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Pairing wood and stone, curves and planes, Malta’s new parliament and city gate complex, designed by Italian architect Renzo Piano, announces a contemporary sensibility while honouring this island nation’s heritage.

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In Focus | WHER E TO GO I N 2017 Bathers cool off in one of the many natural sea pools that scallop Malta’s coast, known also for its underwater grottoes.

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The Neolithic temples at Ggantija date back more than 5,500 years, making them older than Egypt’s pyramids. Many temple altars still stand, perhaps once decorated with the rotund figurines I’d seen at the National Museum of Archaeology, in Valletta. Pausing before one temple altar under the baking sun, I feel a chill run through me—all the millennia, all the ancient people who once stood, awed, in this very same spot. In its own way Gozo is looking to the future. Instead of the nightclubs and bustling beaches that draw so many vacationers to resort areas on the larger island, Gozo is developing ecotourism and other forms of experiential travel. Chief among these is diving; the British magazine Diver recently named Gozo the world’s second best diving destination (after the Red Sea), thanks to crystalline waters and many underwater caves and tunnels. Yet even here, says David Hayler-Montague, a Brit who moved to Gozo six years ago and opened the Bubbles Dive Centre, the real appeal is the past. “What I love about this place is how it seems like it could be 30 years ago. Things aren’t built up as they are on the other island, and people here are so laid-back, so decent, and so honest. The days on Gozo just seem to happen.”

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PAUSING BEFORE ONE TEMPLE ALTAR UNDER A BAKING SUN, I FEEL A CHILL RUN THROUGH ME—ALL THE MILLENNIA, ALL THE ANCIENT PEOPLE WHO ONCE STOOD, AWED, IN THIS VERY SAME SPOT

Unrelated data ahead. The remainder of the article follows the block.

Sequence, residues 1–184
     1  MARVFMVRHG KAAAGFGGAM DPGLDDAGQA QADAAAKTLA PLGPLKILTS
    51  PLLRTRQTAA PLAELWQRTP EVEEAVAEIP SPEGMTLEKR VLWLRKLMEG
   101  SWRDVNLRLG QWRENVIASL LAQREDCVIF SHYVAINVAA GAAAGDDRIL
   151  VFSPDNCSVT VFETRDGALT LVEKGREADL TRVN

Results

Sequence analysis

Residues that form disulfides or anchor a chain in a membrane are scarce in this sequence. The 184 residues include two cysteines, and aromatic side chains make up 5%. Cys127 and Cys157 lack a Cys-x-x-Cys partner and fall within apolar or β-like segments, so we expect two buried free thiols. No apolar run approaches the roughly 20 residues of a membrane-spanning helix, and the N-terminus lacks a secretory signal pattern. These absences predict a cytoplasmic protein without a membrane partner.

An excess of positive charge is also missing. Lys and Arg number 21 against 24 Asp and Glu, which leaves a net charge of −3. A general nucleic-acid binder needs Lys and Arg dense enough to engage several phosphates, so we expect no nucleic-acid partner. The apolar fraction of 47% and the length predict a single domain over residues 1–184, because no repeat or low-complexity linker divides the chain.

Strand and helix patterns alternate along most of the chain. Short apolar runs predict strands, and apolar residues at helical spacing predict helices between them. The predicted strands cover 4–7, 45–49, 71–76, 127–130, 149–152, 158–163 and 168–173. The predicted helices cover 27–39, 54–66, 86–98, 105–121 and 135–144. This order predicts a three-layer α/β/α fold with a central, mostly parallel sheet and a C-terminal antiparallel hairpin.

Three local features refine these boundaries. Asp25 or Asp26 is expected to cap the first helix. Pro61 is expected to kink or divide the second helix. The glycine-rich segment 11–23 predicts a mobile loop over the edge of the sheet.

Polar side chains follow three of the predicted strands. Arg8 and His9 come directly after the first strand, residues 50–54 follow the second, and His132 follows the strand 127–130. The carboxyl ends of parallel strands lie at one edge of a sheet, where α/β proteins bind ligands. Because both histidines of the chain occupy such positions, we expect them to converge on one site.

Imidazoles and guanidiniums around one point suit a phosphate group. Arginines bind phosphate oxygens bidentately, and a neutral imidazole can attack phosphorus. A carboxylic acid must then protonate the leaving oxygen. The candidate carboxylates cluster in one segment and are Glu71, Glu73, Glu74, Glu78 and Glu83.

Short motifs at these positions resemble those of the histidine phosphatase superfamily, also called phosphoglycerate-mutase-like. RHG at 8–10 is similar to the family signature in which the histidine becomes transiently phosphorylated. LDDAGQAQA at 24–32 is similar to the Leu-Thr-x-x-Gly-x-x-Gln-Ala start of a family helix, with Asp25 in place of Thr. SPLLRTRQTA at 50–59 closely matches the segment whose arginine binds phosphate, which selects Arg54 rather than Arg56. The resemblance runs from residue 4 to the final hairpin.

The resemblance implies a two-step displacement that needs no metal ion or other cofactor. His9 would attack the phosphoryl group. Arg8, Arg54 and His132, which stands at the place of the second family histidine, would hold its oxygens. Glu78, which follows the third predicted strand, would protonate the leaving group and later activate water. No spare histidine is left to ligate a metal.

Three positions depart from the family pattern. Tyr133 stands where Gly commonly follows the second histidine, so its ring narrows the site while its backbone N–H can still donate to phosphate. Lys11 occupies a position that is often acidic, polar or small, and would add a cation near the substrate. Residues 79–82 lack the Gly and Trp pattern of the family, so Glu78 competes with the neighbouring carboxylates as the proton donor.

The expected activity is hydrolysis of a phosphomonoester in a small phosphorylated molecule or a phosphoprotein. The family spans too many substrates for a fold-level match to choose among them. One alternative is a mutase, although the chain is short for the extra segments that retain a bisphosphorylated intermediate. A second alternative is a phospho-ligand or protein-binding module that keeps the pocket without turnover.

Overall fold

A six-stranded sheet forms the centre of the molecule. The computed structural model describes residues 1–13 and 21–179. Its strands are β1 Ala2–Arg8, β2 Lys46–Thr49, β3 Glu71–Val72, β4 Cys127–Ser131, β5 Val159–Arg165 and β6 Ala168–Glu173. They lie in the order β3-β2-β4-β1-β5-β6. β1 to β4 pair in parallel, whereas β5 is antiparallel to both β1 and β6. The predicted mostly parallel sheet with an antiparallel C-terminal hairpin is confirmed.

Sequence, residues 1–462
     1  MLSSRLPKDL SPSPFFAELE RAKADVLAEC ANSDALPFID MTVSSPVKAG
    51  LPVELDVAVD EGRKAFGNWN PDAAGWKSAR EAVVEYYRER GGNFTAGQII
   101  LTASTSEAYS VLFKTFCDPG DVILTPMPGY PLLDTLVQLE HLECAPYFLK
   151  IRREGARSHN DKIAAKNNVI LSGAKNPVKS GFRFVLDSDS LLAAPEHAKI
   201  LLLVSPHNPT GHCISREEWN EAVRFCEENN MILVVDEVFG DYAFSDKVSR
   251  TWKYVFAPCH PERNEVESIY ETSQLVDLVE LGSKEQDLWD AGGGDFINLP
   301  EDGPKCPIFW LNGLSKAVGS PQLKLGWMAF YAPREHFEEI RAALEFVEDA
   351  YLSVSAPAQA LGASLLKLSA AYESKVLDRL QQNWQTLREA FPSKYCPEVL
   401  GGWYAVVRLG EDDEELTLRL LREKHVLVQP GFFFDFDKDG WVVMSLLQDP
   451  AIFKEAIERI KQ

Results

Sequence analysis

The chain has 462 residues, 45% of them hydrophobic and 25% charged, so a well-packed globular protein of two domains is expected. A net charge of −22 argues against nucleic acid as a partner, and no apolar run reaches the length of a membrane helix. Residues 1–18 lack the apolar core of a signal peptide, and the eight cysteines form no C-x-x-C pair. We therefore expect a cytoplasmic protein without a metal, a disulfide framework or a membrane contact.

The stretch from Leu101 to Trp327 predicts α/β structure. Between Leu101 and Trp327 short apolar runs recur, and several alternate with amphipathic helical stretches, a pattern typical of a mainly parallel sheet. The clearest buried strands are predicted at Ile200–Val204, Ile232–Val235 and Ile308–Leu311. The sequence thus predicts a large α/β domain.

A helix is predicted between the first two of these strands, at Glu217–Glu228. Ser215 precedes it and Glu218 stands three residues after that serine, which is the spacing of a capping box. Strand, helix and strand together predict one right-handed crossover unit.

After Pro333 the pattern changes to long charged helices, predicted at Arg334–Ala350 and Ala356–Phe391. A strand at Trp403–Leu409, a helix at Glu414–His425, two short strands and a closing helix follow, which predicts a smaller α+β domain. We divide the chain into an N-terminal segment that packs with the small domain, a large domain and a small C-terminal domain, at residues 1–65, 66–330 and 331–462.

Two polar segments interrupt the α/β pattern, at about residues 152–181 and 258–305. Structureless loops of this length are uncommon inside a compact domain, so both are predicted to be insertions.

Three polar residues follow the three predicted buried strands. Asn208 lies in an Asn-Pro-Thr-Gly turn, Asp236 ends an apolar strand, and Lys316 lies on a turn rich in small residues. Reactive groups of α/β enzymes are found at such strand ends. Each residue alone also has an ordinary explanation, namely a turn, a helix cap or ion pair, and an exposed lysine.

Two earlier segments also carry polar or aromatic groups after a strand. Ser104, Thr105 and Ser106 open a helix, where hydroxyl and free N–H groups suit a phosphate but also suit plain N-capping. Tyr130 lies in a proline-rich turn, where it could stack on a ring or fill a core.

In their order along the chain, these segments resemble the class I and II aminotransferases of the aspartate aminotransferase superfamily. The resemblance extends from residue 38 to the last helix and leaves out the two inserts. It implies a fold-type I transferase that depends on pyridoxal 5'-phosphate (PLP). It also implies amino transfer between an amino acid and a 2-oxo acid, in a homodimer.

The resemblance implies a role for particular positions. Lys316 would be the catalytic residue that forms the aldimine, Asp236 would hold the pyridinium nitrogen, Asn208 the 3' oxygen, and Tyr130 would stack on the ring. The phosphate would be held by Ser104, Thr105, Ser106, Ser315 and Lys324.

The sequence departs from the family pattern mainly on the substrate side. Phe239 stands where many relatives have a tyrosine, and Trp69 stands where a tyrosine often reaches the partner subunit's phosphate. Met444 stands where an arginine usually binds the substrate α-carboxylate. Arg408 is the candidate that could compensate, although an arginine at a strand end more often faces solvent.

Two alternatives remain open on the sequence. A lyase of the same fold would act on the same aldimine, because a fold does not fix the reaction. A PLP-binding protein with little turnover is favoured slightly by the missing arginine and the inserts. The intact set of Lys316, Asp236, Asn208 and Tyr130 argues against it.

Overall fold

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A lifeguard station on Sliema beach flaunts bold colours—and a peekaboo window. Malta sunseekers can choose between sand and stone beaches; Tuned up, a marching band (facing page) accompanies locals as they celebrate the Feast of Our Lady of Mount Carmel near a church in the town of Zurrieq.

Though I’m not a diver, Hayler-Montague invites me to accompany a group he is escorting to the Blue Hole, Gozo’s top dive site. We drive to a large parking lot bordered on one side by the sea and on the other by a sere landscape. Scrambling down rocks to the water’s edge, we find a pool that marks the entrance to the Blue Hole. We also find the Azure Window, a massive arch carved from the limestone by centuries of wind and water. The divers sink beneath the water (later one will tell me it’s the best dive he’s ever made, with its grottoes), but I’m transfixed by that rock formation. Around me, kids jump into the turquoise sea. It is the most beautiful swimming hole I have ever seen. And also, it turns out, the most famous. Two days later I’m back on the main island, Malta, in its ancient capital, Mdina,

listening to Malcolm Ellul point out sites where Game of Thrones had filmed during its first season. When a girl asks why the show hadn’t returned to film in Malta, Ellul looks momentarily pained. The scene in which Princess Daenerys marries the warlord Drogo was shot in front of the Azure Window, he explains. To make it look like a Dothraki desert, the producers laid down tons of sand, which damaged an environmentally sensitive area and resulted in fines against the local production company. Yet Ellul thinks there will be other opportunities. After all, Assassin’s Creed, the new movie based on the insanely popular video game, was filmed partly in Valletta. ON MY FINAL NIGHT I RETURN TO VALLETTA. Renzo Piano, in addition to redesigning the old city gate and the parliament building, recast the once ornate Royal Opera House, which was largely destroyed in World War II by German bombs. Piano’s design kept the structure roofless, a choice that, dismayingly to some Maltese, makes it appear unfinished—but leaves it open to the oranges of a dawn sky and the pinks and purples of dusk. Piano said that he wanted to create “a place of virtual